ERIC Number: ED165094
Record Type: RIE
Publication Date: 1978
Reference Count: 0
Effects of Semantic or Syntactic Simplification on Recall.
Drum, Priscilla A.
Thirty-two fourth grade students were divided into two equal-sized groups according to reading ability. Each student read and recalled four passages from fourth-grade texts. The passages were either an original version, a semantic simplification, a syntactic simplification, or a combined rewrite. One week later, each child read and recalled alternate versions of the same passages. Able readers recalled significantly more appropriate responses in all passage versions on each test day than did the less able readers. Their recall for all but the combined versions was approximately the same for the two days. Able readers also, produced more details from the combined versions. Both groups remembered most of the superordinate propositions on both days, suggesting that improvement in recall was the result of remembering subordinate propositions. Less able readers remembered proportionately more with semantic simplification than with the original and syntactically simplified versions. For all subjects, the syntactic/original combination depressed recall during the second reading, and the semantic/combined versions increased it. (Sample passage versions are included.) (TJ)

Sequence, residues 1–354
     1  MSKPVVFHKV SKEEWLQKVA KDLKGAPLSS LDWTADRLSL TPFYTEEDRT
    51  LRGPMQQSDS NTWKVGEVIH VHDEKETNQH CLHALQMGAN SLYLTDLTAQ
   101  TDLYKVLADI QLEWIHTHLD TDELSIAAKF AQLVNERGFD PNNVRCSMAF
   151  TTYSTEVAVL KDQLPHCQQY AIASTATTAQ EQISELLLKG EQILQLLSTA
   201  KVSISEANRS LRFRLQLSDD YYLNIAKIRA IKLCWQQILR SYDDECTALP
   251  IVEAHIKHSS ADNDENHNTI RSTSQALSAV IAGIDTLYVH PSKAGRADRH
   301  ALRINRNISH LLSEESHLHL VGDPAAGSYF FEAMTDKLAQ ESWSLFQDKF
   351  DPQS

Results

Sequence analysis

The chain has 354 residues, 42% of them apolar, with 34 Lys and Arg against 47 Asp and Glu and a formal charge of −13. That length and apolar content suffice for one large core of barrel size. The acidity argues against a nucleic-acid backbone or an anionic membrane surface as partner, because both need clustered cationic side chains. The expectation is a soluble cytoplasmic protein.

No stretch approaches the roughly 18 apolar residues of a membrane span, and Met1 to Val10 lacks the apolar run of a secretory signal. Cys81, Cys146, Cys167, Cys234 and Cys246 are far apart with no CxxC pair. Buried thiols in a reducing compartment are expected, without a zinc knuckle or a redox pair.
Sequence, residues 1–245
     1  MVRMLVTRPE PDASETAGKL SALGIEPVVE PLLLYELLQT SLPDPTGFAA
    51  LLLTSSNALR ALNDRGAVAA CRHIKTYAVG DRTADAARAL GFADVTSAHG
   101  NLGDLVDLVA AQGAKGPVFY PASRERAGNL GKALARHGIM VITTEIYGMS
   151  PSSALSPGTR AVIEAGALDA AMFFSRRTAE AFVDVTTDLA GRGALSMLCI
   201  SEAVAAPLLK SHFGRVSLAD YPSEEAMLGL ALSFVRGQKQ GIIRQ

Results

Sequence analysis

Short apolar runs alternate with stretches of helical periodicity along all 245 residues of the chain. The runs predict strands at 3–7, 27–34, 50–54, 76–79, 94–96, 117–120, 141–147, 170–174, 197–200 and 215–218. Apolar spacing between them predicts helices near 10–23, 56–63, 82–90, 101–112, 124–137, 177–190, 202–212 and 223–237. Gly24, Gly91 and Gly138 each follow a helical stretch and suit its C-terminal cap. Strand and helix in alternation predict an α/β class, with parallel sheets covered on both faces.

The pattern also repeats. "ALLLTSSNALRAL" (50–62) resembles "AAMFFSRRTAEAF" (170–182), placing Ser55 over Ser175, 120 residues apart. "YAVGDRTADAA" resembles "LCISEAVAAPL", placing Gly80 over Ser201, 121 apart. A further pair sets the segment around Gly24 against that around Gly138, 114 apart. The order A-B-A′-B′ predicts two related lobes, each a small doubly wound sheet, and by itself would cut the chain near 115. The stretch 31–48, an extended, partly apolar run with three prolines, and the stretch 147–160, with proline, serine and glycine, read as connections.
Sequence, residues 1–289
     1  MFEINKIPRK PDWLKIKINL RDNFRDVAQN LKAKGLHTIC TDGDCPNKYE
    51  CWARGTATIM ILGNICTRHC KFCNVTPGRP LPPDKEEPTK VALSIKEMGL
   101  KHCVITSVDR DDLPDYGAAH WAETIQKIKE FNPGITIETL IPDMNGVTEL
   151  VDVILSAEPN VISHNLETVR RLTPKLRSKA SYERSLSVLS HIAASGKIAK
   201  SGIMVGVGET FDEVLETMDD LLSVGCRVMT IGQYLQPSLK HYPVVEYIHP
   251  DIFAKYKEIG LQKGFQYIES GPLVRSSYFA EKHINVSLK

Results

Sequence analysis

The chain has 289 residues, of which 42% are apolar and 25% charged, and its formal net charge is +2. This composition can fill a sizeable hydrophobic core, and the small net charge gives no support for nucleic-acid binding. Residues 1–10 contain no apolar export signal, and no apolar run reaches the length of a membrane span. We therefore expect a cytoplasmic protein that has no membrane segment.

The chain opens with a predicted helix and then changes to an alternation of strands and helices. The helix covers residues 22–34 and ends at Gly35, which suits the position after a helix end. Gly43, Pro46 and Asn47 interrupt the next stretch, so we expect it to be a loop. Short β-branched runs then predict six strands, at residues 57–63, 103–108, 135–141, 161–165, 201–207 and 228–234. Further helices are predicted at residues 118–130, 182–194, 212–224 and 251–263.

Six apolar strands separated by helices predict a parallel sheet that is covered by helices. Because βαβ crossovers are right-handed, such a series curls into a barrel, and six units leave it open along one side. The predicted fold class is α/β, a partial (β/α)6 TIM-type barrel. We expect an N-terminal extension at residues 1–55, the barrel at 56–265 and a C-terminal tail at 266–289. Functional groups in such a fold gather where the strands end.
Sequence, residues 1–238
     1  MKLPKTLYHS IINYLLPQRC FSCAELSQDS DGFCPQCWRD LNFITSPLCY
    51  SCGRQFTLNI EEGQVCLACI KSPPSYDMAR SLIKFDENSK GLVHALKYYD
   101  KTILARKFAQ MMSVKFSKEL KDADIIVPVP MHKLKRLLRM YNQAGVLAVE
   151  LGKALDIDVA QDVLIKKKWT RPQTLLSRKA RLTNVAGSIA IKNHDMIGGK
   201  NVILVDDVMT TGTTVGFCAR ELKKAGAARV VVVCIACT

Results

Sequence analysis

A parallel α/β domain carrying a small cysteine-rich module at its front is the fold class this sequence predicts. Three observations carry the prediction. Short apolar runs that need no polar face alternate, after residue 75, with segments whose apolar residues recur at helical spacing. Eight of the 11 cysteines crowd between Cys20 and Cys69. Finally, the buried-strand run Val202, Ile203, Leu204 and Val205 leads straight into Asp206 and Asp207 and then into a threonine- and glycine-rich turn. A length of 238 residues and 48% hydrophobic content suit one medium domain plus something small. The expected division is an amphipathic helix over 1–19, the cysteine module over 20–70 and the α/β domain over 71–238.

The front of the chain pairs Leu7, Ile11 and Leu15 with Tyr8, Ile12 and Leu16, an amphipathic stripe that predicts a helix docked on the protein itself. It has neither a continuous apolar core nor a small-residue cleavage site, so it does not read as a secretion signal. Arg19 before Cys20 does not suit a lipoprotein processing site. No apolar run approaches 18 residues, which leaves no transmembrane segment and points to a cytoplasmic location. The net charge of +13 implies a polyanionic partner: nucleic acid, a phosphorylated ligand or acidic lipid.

Publication Type: Speeches/Meeting Papers
Education Level: N/A
Authoring Institution: N/A
Note: Paper presented at the Annual Meeting of the National Reading Conference (28th, St. Petersburg Beach, Florida, November 30-December 2, 1978)